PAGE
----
A Virtual Day in the Life: Design de Plume

Meggan Van Harten RGD and Mélissa Deschênes RGD, Principal Designers at Design de Plume share what their in-studio and remote workdays look like! 


Meggan Van Harten RGD

Working remotely


The Basics
Name: Meggan Van Harten RGD
Job Title: Principal Designer
Take us through a brief overview of your remote workday.
It feels very similar to my usual day in the office. I usually start off the day making a tea, reviewing my emails and then checking my task list for the day. It feels like I’m glued to my desk all day between tasks or meetings so the day tends to fly by for me.
What are you currently working on from home?
I’m working on a lot of accessibility focused projects, websites and managing a lot more of our long-term projects. I love working on inclusive projects so I’m thrilled with the work I’ve been doing lately.
I’ve also started to work on some additional certifications from home. COVID-19 has provided such an opportunity to grow and learn since there’s not as much opportunity to get out and see people.
Have you found any helpful tactics or strategies for staying focused and productive?
Having a separate workspace from my home life has helped considerably. I felt really miserable at the beginning of COVID when I didn’t have my own workspace and was just getting by in my living room.
Now that I have a home office, I feel mentally much better spending time at home. That separation is so helpful for staying positive during this time.
How do you combat feelings of isolation or disconnect from your team?
I’m definitely a huge extrovert so having time with people is very important to me whether that’s digitally or within a social distance environment.
I feel connected even though I’m totally remote since I do so many meetings every day. I feel like I’m always meeting someone new, learning something or explaining a concept to a client so I get a lot of exposure to various people digitally.
I miss not being in the same office as my work buddy (Melissa) and my other colleagues. But technologies like Slack and Google Meet have helped to make the transition less strenuous.
If applicable, how are you approaching working from home while your partner/family/roommates etc. are also home?
My partner works in long-term care so I’m largely alone during the day. Since he works in an environment with so many vulnerable people, we have to be extra vigilant about exposure and what activities we do.
My only work at home buddy is my cat Fibi. She is a quiet companion but it’s nice having her around, for sure.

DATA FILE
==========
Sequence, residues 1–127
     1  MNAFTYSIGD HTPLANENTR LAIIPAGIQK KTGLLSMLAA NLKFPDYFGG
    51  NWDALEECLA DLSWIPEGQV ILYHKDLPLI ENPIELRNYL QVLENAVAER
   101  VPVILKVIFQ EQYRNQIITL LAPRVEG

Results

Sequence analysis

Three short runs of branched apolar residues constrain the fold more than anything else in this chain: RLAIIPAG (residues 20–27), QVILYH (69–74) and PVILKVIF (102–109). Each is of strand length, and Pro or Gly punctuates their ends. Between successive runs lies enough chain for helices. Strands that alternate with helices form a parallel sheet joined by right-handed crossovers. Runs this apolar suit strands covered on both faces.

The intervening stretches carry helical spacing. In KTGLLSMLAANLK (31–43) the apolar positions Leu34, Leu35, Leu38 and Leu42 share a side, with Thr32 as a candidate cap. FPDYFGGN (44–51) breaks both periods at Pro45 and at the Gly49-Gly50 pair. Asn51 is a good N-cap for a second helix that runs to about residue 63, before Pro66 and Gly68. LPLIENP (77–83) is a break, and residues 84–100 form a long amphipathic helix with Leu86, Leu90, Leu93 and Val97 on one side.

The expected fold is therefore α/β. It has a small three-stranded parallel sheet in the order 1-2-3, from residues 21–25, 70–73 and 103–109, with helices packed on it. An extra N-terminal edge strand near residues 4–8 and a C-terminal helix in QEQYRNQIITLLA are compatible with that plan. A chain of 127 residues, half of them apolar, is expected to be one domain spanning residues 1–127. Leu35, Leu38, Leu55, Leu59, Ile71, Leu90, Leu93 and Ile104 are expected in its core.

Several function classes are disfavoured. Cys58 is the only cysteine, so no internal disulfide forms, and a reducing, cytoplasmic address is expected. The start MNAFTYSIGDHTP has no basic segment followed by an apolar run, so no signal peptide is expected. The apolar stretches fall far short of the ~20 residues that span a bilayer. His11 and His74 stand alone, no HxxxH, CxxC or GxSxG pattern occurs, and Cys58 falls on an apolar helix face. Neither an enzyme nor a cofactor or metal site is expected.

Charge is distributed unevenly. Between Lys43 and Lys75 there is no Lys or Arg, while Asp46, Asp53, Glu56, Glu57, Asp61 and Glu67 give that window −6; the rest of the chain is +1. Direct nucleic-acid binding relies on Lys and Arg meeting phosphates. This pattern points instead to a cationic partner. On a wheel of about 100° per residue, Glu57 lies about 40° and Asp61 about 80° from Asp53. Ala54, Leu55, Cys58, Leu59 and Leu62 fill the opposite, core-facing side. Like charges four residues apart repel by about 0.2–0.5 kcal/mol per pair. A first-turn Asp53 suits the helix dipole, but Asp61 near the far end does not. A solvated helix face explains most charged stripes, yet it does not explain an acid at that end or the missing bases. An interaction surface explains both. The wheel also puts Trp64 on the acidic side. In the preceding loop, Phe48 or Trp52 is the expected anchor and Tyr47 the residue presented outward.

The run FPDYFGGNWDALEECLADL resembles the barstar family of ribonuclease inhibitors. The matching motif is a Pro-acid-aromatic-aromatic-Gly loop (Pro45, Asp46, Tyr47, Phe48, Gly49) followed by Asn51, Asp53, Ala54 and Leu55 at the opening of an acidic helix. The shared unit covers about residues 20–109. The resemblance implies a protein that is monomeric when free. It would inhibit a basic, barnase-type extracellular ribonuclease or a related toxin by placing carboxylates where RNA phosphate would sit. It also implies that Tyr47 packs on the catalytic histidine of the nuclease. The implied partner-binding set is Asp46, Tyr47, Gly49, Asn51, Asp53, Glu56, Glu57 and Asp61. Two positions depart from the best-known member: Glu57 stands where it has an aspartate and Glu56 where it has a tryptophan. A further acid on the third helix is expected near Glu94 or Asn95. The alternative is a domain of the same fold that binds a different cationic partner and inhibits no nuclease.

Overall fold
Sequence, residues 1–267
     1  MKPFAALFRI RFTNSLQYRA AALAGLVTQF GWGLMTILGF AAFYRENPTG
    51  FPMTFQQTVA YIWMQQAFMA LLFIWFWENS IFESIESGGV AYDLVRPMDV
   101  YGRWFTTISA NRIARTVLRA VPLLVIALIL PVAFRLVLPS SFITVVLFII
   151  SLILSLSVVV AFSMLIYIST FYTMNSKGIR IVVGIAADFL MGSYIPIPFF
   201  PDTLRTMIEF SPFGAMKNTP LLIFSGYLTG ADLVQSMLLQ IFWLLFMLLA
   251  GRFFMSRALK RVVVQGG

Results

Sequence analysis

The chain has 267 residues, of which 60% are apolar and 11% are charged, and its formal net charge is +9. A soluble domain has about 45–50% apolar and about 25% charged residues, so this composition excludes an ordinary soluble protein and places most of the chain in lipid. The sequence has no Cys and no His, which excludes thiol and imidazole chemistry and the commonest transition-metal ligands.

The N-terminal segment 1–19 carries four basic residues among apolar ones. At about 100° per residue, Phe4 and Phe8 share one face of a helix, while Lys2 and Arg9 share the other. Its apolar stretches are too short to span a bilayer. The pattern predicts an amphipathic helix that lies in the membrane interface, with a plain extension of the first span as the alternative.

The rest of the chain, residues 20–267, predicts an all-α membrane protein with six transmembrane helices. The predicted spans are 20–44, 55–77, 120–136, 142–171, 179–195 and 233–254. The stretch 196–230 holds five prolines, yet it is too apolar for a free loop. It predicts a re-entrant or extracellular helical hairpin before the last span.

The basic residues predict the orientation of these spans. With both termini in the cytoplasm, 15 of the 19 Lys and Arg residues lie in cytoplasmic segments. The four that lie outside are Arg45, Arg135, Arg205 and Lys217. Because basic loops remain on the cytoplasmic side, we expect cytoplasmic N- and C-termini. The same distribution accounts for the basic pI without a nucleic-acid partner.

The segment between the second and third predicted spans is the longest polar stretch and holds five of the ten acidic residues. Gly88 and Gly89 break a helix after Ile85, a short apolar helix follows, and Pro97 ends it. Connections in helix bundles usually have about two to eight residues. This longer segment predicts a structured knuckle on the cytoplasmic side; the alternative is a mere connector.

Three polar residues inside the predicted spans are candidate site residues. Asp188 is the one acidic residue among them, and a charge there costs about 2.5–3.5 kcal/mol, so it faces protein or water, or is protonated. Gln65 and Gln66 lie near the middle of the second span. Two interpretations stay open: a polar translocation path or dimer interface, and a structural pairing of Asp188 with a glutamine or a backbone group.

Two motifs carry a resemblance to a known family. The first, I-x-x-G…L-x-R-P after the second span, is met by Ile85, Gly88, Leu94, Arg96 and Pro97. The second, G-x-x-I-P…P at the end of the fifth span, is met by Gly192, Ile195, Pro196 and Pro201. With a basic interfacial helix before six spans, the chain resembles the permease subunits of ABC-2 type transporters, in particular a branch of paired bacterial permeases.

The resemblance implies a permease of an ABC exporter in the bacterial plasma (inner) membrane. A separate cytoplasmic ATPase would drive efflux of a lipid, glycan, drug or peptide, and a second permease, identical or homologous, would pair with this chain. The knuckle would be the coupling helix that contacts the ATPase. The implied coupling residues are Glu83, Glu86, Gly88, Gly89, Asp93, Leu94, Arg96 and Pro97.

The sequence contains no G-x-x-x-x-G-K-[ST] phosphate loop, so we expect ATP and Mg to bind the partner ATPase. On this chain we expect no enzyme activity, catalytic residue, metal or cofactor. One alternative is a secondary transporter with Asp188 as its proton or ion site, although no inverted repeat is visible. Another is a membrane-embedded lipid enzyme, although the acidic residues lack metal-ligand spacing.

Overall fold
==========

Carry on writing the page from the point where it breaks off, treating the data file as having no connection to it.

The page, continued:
Have you discovered any advantages or disadvantages to working from home? If so, what are they?
- PJ pants and conference calls
- Excellent lunches/snacks all the time
- Ability to focus without being disturbed
- Access to work environment any time of day
- Petting my cat
- Access to work environment any time of day (sometimes disruptive to home life)
- Loneliness
- Waiting on text responses from staff
Do you have a favourite playlist or podcast that you’ve been listening to while working from home?
I usually just ask Google to play pop music for me or listen to the Cults podcast.
Though seemingly contradictory, social distancing and community are intertwined. Do you have any thoughts or insights you’d like to share with other designers during this time? We’re all in this together.
It’s so important to stay connected! Designers who are working from home, my biggest advice to you is you need to show off your work and get feedback from others. If you’re a freelancer try to setup conference calls a couple times a week to just check in on other freelancer friends and see what they are working on. Exposure is huge. Normally in an agency environment you have a ton of exposure to new ideas and conversations that may spark an idea. Doing that digitally it can be recreated but not without some effort.
Also this is the best time to do that thing that you’re always saying you have no time for. If it’s important to you, start working on it now!

Melissa Deschênes RGD

Working in-studio

The Basics
Name: Melissa Deschênes RGD
Job Title: Principal Designer
What’s the first thing you do when you get to work?
I'm usually the first one in the building. I open the office, get settled and start the coffee for the team.